Meditation is an ancient technique that is often misunderstood. But there are several reasons to add meditation to your stress management toolbox.

Practiced correctly, it induces deep relaxation. Practiced regularly, it becomes a therapeutic process that reduces habituated stress. Practiced seriously, it offers personal insights, increased mental acuity and harmonized brain wave activity.

There are several major meditation techniques: light, sound, breath and mantra (a repeated word or sound). Most people who meditate regularly develop a practice routine that involves two or more of these major techniques.

The goal of meditation practice is to stop your mental activity. You practice stopping your thinking process and then simply remain alert in clear, thoughtless awareness. This gives your mind a rest and deeply relaxes the body.

A good, basic routine for someone considering meditation for the first time is to meditate once a day for 20 minutes. Attempt to meditate at the same time, in the same conducive dimly lit, quiet and private place each day. Give yourself permission to have this time for, with and by yourself. Turn off your cell phone and ask others to respect your privacy for those few minutes.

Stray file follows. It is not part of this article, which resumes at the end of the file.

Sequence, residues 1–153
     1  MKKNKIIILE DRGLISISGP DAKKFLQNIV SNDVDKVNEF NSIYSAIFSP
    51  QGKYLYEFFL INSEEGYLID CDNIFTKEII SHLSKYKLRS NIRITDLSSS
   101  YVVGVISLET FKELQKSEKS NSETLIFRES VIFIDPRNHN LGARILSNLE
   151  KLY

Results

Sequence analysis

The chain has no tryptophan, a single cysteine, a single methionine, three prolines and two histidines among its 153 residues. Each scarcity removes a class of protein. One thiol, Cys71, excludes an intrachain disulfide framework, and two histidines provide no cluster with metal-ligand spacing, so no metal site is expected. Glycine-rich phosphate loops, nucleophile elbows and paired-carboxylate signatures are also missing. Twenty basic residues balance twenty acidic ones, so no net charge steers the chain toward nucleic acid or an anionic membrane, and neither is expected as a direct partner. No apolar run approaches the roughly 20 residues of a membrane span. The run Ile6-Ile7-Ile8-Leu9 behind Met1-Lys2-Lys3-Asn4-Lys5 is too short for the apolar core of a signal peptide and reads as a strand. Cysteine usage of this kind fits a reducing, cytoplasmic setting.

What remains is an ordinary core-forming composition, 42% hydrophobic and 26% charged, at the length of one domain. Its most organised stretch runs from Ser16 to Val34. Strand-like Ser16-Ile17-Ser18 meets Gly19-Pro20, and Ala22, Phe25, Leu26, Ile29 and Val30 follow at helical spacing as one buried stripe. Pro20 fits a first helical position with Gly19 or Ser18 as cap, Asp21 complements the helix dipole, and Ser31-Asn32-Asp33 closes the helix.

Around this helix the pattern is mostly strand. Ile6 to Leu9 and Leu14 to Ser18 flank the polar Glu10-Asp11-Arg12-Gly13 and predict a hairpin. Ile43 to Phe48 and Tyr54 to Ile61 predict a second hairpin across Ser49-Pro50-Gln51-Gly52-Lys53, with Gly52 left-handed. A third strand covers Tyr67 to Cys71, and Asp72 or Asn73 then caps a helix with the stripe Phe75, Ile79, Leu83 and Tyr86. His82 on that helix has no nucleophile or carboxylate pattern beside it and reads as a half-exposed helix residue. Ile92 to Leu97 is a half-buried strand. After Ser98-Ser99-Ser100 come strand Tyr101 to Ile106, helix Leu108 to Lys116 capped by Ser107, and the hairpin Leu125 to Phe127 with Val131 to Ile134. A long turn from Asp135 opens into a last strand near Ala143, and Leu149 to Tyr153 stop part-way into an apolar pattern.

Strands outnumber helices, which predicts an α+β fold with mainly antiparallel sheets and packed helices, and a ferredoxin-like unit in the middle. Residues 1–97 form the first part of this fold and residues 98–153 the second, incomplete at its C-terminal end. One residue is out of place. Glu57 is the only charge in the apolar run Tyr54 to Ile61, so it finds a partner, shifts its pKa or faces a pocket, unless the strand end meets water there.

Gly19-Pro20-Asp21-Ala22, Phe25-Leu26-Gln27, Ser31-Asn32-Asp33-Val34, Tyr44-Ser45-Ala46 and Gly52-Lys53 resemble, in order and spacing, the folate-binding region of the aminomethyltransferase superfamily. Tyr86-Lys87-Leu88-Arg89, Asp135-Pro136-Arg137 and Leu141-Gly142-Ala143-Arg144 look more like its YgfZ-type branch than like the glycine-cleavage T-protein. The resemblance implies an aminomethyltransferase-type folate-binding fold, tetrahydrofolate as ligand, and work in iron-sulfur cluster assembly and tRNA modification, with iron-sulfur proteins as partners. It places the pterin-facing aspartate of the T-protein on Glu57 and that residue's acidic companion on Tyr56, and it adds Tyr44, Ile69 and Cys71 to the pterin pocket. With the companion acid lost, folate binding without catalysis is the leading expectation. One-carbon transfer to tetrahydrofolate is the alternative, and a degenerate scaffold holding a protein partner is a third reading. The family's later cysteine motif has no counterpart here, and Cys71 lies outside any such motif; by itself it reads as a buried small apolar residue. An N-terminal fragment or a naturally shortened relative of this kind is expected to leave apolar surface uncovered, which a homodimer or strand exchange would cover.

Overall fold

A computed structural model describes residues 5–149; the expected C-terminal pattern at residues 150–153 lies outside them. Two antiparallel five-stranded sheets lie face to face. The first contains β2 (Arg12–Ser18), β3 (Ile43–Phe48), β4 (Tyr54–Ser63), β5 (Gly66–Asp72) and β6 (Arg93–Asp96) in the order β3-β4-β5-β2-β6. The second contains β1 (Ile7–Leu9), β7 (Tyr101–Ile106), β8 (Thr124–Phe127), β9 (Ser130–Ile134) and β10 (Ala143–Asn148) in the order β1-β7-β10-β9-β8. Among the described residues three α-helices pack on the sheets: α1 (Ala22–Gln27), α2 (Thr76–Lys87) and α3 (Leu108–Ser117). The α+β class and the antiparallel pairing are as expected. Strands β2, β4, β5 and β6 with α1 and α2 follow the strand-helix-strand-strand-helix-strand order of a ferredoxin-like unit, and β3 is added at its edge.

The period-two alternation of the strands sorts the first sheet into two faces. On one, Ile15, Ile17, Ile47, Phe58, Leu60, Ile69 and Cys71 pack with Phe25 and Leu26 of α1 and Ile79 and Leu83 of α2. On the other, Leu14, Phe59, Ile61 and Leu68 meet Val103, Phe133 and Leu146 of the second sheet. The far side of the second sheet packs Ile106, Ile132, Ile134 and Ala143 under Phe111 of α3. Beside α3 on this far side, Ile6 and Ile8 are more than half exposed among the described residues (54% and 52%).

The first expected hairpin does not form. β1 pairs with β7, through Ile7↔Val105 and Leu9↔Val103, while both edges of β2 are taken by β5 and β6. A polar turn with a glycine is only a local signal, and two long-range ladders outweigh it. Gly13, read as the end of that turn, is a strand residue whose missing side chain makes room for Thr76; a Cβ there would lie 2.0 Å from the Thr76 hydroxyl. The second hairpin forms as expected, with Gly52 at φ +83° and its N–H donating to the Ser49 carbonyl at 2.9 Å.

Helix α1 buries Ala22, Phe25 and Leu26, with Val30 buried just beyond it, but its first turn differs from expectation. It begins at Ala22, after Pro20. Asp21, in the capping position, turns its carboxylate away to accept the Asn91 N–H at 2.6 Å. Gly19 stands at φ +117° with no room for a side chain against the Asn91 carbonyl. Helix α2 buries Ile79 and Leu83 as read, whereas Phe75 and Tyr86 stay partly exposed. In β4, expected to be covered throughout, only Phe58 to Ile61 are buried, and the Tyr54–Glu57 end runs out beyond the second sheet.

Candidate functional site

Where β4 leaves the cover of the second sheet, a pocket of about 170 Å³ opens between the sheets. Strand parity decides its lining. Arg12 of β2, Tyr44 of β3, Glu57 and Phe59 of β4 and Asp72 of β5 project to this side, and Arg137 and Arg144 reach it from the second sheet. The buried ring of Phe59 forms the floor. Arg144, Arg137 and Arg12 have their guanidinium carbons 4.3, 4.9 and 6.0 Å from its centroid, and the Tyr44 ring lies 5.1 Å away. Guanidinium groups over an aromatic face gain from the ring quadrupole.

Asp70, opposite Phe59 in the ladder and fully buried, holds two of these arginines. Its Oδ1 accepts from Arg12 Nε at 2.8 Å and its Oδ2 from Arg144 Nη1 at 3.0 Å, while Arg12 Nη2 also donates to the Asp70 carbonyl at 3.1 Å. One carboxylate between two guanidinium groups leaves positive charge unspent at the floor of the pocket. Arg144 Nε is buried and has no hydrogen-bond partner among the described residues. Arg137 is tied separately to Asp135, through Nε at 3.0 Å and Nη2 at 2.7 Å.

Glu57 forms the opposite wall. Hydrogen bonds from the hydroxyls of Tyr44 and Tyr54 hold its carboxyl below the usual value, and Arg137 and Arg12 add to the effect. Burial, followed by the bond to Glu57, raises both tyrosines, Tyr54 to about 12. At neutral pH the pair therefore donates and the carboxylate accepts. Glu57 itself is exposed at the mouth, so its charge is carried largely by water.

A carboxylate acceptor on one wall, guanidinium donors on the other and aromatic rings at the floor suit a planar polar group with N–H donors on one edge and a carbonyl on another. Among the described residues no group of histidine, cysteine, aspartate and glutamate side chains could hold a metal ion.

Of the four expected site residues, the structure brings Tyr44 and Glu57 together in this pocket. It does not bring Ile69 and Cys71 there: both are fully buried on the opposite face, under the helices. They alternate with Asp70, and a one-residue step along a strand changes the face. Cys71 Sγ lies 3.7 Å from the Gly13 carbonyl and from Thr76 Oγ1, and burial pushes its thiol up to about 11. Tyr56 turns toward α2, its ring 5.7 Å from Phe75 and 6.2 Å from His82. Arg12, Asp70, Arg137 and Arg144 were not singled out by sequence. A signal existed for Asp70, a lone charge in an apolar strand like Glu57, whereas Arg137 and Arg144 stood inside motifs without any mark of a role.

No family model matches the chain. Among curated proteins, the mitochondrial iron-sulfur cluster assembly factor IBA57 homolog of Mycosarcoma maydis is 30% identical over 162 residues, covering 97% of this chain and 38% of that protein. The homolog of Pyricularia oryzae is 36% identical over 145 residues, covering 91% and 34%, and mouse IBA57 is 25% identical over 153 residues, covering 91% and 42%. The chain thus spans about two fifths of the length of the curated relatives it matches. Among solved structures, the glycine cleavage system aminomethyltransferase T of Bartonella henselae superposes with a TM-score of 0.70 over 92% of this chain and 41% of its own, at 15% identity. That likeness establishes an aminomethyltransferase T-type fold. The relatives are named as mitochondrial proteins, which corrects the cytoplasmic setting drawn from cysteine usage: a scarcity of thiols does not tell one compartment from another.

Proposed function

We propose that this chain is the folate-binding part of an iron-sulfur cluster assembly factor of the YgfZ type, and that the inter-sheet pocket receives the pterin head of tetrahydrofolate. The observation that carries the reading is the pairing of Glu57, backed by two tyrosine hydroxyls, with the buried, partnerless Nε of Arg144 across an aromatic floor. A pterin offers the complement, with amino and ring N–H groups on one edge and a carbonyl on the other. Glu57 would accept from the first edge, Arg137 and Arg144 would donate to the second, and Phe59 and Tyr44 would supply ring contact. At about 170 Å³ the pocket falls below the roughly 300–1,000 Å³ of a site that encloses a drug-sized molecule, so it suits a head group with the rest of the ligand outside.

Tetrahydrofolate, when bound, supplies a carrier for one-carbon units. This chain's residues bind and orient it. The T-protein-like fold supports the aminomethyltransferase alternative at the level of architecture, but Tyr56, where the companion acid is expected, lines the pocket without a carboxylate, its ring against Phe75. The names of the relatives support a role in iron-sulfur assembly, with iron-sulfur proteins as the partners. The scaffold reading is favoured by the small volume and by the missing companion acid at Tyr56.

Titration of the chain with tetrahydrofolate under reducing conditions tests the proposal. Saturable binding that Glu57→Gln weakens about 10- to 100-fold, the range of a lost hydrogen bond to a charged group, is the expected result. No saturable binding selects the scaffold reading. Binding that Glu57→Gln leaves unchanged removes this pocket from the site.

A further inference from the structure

There is good information in books, on the Internet and through yoga teachers on how to meditate effectively. Use those resources to help you expand your knowledge and deepen your experience of meditation.

Here is a simple but effective meditation technique to get you started.

Technique: Sit upright with your back straight, chin down slightly, hands on your knees, feet flat on the floor. Close your eyes gently. Place your attention on the tip of your nose. As you inhale, allow your stomach to expand, breathe like a baby. As the air comes into your nose, notice the cool temperature as you inhale. Then, gently exhale, don’t hold your breath.

As the air passes out through the end of your nose notice how warm it is. Then continue this process. Breathe in relaxation, feeling the coolness of the air. Fill your lungs fully by allowing your stomach to expand. Then exhale and notice the warmth of your breath as it passes out of your nose.

Keep your attention on the tip of your nose. If your attention wanders, just bring it back and stay aware of your breath. No strain, no forced breathing, just comfortable inhalations and exhalations.

Tim O’Brien writes continuing-education courses and presents seminars on stress management.

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